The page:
## Balmer and Rydberg series

H-Atom ($E_{n}=-\frac{hR}{n^{2}}$)

Ramya Natarajan 1D
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Joined: Fri Sep 29, 2017 7:04 am

### Balmer and Rydberg series

Hello all!
How exactly do the Balmer and Rydberg series differ from each other? Is the Balmer series only proven for H atoms, and if so, when would we even use it? Also, what does "n" signify in both these equations, spectral lines? Would "n" always be given in that case?

Naveed Zaman 1C
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Joined: Fri Sep 29, 2017 7:04 am
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### Re: Balmer and Rydberg series

The Balmer series is the set of lines formed through spectroscopy within a certain range of wavelength values. Figure 1.10 in the book shows it off better. Basically what we can take from that page in the book is that the Balmer series has the lower principal quantum number always at n1=2. This means that (in spectroscopy) when we analyze a hydrogen atom that has an electron that is excited, it will jump from the n=2 level to some other level. Eventually, the now unstable electron will come back down to the n=2 level, releasing light energy with wavelengths that lie somewhere in the Balmer series.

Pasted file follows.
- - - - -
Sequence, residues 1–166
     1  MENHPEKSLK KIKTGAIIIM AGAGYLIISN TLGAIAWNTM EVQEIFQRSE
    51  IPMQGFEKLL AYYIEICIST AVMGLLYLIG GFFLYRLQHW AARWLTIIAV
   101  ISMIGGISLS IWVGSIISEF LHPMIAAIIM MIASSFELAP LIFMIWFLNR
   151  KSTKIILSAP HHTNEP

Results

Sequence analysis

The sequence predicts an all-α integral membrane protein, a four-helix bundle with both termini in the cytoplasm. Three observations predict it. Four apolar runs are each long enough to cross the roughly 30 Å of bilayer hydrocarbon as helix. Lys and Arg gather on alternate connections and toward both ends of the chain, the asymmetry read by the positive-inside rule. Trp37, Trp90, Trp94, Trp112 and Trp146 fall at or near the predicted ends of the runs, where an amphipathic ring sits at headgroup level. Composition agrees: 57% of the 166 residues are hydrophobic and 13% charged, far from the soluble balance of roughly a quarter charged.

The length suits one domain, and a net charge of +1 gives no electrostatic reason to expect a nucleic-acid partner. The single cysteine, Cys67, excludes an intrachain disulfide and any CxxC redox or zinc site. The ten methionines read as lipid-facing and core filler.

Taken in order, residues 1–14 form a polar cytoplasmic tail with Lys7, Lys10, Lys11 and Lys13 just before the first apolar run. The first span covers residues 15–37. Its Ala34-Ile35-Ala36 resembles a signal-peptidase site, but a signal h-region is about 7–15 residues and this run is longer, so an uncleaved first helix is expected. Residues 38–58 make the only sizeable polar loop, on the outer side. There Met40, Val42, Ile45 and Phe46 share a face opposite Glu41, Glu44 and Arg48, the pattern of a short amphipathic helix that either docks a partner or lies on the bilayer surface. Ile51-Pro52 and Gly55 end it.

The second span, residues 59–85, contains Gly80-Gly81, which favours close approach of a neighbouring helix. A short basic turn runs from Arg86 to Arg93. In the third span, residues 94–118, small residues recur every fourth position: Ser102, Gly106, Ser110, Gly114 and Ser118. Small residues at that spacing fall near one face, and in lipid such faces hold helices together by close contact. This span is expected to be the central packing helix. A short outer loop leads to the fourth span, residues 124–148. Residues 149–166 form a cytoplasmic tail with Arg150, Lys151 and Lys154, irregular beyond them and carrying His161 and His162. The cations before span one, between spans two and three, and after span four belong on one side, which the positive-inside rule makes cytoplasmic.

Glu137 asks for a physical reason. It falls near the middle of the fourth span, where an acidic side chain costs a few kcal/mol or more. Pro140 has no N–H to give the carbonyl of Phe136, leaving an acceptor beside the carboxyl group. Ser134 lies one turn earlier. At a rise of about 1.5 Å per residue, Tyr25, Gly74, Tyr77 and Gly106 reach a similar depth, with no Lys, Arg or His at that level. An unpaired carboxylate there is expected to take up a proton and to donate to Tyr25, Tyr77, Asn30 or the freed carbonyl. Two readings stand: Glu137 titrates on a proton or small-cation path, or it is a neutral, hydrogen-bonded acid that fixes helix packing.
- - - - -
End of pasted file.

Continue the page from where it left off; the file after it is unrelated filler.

I think you're also referring to the Rydberg equation (there is no series), which shows us how to calculate the frequency of released light energy when we don't know the wavelength. In this case we look to what energy levels the electron jumps (thus n1 is where the electron starts and n2 is where the excited electron jumps to). The two topics are related, but one is a series (like a list or category) and the other one is an equation. Hope this helps!

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### Re: Balmer and Rydberg series

From what I understood from the reading, the Balmer series is made up of lines in the visible spectrum. I'm assuming you mean the Lyman series, not the Rydberg series (because there was only mention of a Rydberg constant in the book). The Lyman series is made up of lines in the ultraviolet spectrum. The changes in "n" in both these concepts refers to the changing of an electron from one energy level to another.

Humza_Khan_2J
Posts: 56
Joined: Thu Jul 13, 2017 3:00 am

### Re: Balmer and Rydberg series

You say that as the excited electron goes back to n=2 it will "releas[e] light energy with wavelengths that lie somewhere in the Balmer series," but isn't there only supposed to be one wavelength of light for these transitions? Or do the Balmer series lines represent all the transitions from n=4, n=3, etc to n=2?

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